Seminars & Events

KSJ seminars and workshops are special events planned primarily for Knight Fellows, partners, and invited guests. For some seminars, there may also be a limited number of seats available to interested members of the public. Preference for this seating will be given to former KSJ fellows. If you would like to attend a specific lecture, please email bma@mit.edu with your name and affiliation to request a reservation.

SPRING 2017:


Statistics for Science Journalists workshop (private event)
Sense About Science, organizer
Saturday, January 28, 2017, time TBA
E19-623


Fellows meeting 3:30-4:30p.m.
Thursday, February 16, 2017

followed by Paula Hammond seminar
4:30 pm E19-623

Hammond is a David H.Koch Professor at the David H. Koch Institute for Integrative Cancer Research and a pioneering researcher in biomaterials, nanotechnology and drug delivery.


David Kaiser
Tuesday, February 28, 2017
4 pm E19-623

Kaiser is Germeshausen Professor of the History of Science in MIT’s Science, Technology and Society Department and a Professor of Physics in MIT’s Department of Physics. He is the author of five books, including How the Hippies Saved Physics and Science in the American Century. He serves on the board of the online magazine, Nautilus, and writes for a wide range of publications, including The New York Times.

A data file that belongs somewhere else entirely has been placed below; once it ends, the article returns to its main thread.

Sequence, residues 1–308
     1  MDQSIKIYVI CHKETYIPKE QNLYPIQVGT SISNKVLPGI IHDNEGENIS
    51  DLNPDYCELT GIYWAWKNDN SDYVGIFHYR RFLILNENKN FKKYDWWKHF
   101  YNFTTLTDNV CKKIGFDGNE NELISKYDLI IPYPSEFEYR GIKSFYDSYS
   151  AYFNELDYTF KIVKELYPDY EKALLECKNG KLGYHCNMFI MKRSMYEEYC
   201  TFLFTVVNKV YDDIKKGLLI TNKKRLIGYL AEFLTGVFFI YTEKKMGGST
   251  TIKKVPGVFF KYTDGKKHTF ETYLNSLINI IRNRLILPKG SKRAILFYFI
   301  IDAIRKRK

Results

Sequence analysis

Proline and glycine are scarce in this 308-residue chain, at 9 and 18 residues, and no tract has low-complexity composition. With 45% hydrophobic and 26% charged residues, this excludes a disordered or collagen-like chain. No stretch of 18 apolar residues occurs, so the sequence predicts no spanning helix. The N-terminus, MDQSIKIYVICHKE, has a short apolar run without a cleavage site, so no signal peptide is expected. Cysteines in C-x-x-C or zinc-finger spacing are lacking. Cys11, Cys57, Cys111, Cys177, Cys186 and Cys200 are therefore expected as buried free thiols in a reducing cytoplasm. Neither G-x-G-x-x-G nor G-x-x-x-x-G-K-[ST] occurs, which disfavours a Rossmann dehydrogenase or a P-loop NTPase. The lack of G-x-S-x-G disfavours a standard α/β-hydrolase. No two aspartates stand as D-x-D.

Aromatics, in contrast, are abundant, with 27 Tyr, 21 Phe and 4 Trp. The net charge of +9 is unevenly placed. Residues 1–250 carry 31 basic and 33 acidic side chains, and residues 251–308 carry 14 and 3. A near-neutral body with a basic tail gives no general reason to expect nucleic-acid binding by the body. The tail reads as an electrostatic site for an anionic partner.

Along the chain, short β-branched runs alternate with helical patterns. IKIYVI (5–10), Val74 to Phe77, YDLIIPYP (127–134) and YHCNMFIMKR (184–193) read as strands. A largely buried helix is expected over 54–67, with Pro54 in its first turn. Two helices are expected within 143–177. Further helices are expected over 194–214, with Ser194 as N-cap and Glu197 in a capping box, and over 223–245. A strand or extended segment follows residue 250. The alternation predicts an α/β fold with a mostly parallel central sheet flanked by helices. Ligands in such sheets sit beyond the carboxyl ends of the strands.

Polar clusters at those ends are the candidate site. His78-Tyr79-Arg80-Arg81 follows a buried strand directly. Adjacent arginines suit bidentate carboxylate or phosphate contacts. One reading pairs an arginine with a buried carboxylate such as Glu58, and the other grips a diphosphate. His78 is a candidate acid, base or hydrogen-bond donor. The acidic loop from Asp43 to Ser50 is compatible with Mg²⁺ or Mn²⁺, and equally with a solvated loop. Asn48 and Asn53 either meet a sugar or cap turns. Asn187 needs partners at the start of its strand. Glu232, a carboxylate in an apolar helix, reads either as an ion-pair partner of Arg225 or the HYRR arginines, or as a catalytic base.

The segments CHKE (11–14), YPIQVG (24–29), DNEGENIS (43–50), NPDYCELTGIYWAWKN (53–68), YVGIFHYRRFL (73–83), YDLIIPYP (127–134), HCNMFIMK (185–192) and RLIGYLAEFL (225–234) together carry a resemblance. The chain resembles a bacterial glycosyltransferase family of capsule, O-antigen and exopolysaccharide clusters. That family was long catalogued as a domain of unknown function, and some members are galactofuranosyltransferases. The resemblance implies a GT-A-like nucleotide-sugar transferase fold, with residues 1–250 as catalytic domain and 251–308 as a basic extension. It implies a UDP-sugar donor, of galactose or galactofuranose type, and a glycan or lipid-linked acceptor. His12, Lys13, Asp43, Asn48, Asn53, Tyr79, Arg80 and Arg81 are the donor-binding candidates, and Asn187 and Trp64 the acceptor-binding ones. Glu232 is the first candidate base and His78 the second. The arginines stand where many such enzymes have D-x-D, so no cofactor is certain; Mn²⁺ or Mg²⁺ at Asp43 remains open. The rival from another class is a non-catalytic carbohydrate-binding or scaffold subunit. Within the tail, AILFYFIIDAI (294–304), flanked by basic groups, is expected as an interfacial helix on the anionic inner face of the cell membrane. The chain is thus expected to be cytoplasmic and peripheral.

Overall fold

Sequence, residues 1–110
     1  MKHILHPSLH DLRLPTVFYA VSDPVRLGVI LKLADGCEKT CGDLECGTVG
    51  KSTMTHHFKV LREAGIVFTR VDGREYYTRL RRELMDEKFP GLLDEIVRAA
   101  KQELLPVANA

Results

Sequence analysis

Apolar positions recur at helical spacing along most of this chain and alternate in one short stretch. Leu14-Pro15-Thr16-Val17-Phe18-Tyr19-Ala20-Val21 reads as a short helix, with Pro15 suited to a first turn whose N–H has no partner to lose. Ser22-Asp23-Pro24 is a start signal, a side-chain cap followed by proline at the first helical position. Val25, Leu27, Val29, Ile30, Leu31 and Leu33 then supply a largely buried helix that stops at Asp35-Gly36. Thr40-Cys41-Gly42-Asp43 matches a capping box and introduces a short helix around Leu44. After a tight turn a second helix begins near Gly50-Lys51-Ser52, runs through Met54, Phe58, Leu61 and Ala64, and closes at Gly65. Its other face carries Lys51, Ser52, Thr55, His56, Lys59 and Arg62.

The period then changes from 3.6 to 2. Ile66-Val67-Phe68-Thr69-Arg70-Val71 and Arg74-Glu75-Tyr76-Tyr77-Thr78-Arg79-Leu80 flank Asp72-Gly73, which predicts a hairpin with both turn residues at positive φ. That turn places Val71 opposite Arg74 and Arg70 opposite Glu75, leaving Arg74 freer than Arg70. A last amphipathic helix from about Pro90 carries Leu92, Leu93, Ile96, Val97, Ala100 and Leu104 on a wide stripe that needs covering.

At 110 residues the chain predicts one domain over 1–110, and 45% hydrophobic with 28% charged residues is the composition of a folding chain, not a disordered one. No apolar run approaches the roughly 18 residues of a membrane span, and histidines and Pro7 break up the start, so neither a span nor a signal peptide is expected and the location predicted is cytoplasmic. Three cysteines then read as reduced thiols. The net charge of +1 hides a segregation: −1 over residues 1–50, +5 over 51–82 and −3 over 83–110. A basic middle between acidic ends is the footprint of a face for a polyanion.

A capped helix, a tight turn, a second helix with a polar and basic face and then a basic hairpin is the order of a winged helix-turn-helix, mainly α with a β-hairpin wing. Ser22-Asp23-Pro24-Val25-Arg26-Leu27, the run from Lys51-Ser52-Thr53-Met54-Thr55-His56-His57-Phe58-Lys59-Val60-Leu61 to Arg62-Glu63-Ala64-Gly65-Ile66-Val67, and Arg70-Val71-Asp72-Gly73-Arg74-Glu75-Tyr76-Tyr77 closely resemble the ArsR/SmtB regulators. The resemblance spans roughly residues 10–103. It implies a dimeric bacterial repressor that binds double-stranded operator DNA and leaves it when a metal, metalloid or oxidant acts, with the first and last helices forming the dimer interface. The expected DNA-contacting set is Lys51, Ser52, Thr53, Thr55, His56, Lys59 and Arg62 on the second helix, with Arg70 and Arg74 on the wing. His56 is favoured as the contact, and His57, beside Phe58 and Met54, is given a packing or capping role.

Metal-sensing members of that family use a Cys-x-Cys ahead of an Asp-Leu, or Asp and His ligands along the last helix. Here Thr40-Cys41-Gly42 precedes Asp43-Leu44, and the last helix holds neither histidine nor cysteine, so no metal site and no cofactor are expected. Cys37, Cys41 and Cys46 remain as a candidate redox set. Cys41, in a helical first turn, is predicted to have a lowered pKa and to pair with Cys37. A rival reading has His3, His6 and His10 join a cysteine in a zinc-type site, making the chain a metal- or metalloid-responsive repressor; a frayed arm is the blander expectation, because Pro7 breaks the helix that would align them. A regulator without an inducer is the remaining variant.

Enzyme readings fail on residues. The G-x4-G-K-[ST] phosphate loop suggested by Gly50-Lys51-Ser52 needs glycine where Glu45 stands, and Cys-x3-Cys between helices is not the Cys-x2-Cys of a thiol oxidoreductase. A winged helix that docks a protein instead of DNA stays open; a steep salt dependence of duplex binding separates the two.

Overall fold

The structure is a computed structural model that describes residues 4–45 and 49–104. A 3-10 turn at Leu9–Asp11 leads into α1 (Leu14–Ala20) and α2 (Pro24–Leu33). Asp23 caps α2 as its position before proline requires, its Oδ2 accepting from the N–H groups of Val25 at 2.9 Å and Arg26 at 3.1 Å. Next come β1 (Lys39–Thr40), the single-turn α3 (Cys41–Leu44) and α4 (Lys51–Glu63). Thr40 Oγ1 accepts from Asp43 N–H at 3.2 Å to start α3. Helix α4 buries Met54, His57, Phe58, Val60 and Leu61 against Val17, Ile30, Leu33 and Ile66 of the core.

Ari Daniel
Thursday, March 2, 2017
4:30 pm E19-623

Daniels is a freelance science reporter and multi-media producer based in Boston. He does radio reporting for national programs (including NPR’s Morning Edition, All Things Considered, and Weekend Edition Sunday; WNYC’s Radiolab; PRI’s The World, Living on Earth, and Studio 360; WBUR’s Here & Now) and has overseen multimedia production for clients including hospitals, museums, non-profits, online publications, public media organizations, and universities.


Linda Griffith
Tuesday, March 7, 2017
4:30 pm Griffith Laboratory at MIT